The first year of sobriety can be slippery, regardless of how committed you are to not drinking. It doesn’t matter if you attend AA or Smart Recovery meetings, if you’re paying a sobriety coach, or participating in an online community. Slips happen everywhere. There is no perfect program that magically removes the possibility of drinking again. Community support can help, but in the end staying sober is up to you.
Many people find that they have multiple day one’s before settling into remaining alcohol free. While one last drink, one last time, may sound romantic or feel cathartic even, losing sober momentum can be dangerous. To get to the point where you hold on and don’t let go you have to dig deep and stay honest with yourself, not only about your history as a drinker, but about your reactions to people who are still drinking.
It’s taken me a long time alcohol – free to rid myself of the jealousy I felt when others continued to drink. I had to dig deep and talk honestly to my community about the truth of my experience with alcohol. It helped to be anonymous and private, and to have the flexibility of being able to talk online. Talking deeply and honestly about the effects of alcohol on my life has helped to keep me from slipping and sliding.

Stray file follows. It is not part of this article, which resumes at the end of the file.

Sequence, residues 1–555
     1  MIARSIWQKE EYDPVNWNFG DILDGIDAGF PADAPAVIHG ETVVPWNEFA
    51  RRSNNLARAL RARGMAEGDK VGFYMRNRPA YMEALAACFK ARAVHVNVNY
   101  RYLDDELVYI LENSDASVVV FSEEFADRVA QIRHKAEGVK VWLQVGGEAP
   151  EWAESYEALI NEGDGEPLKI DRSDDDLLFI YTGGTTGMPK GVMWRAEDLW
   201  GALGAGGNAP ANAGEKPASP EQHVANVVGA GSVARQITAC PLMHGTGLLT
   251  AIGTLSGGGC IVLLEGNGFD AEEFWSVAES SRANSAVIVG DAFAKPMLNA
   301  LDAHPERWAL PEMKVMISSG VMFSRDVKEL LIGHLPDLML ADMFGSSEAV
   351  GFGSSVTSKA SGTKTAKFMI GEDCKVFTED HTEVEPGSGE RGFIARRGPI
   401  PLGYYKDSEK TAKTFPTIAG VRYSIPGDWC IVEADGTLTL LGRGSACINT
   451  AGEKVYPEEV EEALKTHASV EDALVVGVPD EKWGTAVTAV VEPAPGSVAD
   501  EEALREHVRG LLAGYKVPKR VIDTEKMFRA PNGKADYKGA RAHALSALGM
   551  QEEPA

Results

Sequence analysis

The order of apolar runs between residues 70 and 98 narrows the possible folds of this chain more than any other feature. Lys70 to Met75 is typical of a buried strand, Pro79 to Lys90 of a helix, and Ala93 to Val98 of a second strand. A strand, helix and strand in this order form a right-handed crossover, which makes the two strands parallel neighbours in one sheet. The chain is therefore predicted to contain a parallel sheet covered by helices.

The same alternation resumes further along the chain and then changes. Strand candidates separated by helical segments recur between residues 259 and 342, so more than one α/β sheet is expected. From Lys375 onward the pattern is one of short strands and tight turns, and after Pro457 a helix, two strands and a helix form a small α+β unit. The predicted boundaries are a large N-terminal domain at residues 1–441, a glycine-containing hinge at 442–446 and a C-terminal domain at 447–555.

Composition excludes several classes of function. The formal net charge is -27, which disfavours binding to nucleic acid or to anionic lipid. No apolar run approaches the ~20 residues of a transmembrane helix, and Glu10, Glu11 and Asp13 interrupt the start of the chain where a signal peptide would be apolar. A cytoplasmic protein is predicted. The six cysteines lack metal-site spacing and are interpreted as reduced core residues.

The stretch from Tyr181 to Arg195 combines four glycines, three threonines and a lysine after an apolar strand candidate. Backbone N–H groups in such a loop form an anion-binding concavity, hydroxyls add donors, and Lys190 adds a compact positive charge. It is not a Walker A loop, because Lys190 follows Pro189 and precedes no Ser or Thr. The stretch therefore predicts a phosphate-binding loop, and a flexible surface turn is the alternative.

The Beginning of my Sober Story
At this time last year – following the lowest point in my life, I had just received the keys to my new home. I had been driving past this house and its beautiful big eucalyptus tree for the past ten years. Once I received the keys to my new home, I thought that everything was finally going to be okay in my life. So I celebrated- with endless bottles of champagne. I would wake in the mornings, hopeful for a new start, and again that evening I would toast that new start with more champagne.
Unfortunately, buying a new house didn’t solve my problems at all. The thought that a new home would be a new start was nice, but I soon found that a lovely home is just that, it is not an answer to problems. So, I began drinking more than ever.
Fast forward to November and I decided that it was time to stop drinking. I felt like crap and couldn’t trust myself anymore. With the alcohol dulling my senses, I couldn’t clearly see what problems needed fixing.
I drank a bottle of wine and felt yuck. I’d been working so hard not to drink that I was strangely relieved even after the horrible feeling that the wine had given me. Two days after this, I decided that it was a bit extreme to never drink again, so I drank a little bit of wine each of those evenings. When I slipped, it was like a switch had been flipped off. I knew that if I continued to drink, the switch would stay that way. I would be back in the darkness of just surviving, I wouldn’t be really living.